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Showcase Leitz Macro-Elmar-R 1:4/100

Discussion in 'Adapted Lens Sample Image Showcase' started by Jefenator, Jul 31, 2013.

  1. Jefenator

    Jefenator TalkEmount Top Veteran

    876
    Nov 23, 2012
    Oregon, USA
    Jeff
    This is the older, less sought-after f/4 version. The newer f/2.8 usually runs over $2000, but I was able to get this cosmetically scuffed-up copy of the f/4 for under $400! (For the kind of close-up shooting I do, I would never use f/2.8. f/5.6 is generally as wide as I go, even for focusing.)

    It's pretty hard to tell this lens apart from my other macros in terms of stopped-down sharpness.

    The sun stars I get with the snoot make this my new hands-down go-to. (May not be a huge deal to some, but I'm trying to sell some glass and I want it to look shiny!) 8 even points, easily spotted, often even in the thumbnail images. All without the ghosting that was a persistent thorn in my side with my 55mm 60mm macro lenses.

    leitz100-1.

    Some say you shouldn't call a lens "macro" unless it can go to 1:1. I'll let them take that up with the Leica engineers. Like all so-called "macro" lenses, this has a generous reserve of close-up capability for my product shots. (If I were shooting jewelry I suppose I might feel a need to go beyond 1:2.)

    Like my other Leica macro lens, this 100mm has extra-fine focusing action. My old Micro-Nikkors are not nearly as much of a joy to work with in that regard.

    leitz100-2.

    The Micro-Nikkor 105mm was my previous BOKEH king. I haven't done a proper comparison yet, but I think this Leitz will do pretty nicely.

    leitz100-3.

    I'll post outdoor samples as they become available.

    leica100macro.
     
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  2. Bimjo

    Bimjo Super Moderator

    Oct 28, 2011
    Washington State
    Jim
    Awesome shots Jeff.
     
  3. Poki

    Poki TalkEmount Hall of Famer

    Aug 30, 2011
    Austria
    Well, most Zeiss Makro-Planars also only go to 1:2. It's okay for most use cases. It just bugs me when somebody shows a photo of an insect that looks tiny on the photo and claims it's a 'macro' shot. ;) We don't need to discuss about the definition of the word either, as long as the end results look good - and yours certainly do. God, lighting these glass things must be hard!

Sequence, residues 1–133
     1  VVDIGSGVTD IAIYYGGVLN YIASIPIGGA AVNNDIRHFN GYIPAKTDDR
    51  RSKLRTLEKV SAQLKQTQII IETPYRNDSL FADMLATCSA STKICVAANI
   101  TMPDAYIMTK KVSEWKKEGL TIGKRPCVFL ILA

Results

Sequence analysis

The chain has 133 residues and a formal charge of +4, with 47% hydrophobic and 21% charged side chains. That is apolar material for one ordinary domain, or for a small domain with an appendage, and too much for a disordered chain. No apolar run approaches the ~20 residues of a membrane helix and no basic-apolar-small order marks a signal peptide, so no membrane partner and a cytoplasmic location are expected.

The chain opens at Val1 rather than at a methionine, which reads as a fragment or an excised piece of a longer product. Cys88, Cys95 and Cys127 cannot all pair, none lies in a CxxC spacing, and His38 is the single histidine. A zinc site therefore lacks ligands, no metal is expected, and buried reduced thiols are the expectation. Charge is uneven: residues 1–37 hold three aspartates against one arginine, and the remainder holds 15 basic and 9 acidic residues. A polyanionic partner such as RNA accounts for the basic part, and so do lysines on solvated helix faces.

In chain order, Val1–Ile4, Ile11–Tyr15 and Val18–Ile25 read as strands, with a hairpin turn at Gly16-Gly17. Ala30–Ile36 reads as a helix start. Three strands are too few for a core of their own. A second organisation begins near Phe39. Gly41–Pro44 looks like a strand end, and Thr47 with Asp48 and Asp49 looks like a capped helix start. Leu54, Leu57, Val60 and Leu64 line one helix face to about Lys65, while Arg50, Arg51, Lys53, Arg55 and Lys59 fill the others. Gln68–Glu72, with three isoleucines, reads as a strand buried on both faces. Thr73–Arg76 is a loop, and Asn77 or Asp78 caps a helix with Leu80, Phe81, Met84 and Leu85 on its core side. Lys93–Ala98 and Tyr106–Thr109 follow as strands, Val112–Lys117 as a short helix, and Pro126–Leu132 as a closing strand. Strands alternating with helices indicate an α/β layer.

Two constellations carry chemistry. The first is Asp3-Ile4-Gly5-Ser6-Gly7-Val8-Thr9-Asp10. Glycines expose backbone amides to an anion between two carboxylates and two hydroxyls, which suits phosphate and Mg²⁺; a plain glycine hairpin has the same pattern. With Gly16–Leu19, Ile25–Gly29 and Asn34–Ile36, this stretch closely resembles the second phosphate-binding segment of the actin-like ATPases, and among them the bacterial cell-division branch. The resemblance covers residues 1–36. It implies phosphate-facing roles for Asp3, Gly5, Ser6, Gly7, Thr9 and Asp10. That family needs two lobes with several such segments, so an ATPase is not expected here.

As a side question - why do you use a bubble level on your NEX-7 when it has a built in electronic one?
     
  4. Jefenator

    Jefenator TalkEmount Top Veteran

    876
    Nov 23, 2012
    Oregon, USA
    Jeff
    IME the built-in level is not sufficiently precise. Better than nothing for handheld landscapes but I prefer a real bubble level when conditions permit. I was using a torpedo level on the tripod head, but the cube is obviously much more handy. (Even if the built-in level were sufficient, the cube would enhance flow and/or reduce distractions on my viewing screen.)
     
  5. TonyTurley

    TonyTurley TalkEmount Hall of Famer

    Apr 24, 2013
    West Virginia, USA
    Those are great shots, Jeff.

    Tony
     
  6. NickCyprus

    NickCyprus Super Moderator

    Oct 11, 2012
    Cyprus
    Nick
    I agree - some amazing shots of some very nice artifacts Jeff :thumbup:
     
  7. Jefenator

    Jefenator TalkEmount Top Veteran

    876
    Nov 23, 2012
    Oregon, USA
    Jeff
    • Like Like x 6
  8. NickCyprus

    NickCyprus Super Moderator

    Oct 11, 2012
    Cyprus
    Nick
    That's a piece of art (and amazing photos!!!), not just a piece of "paperweight".....:D
     
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    • Agree Agree x 1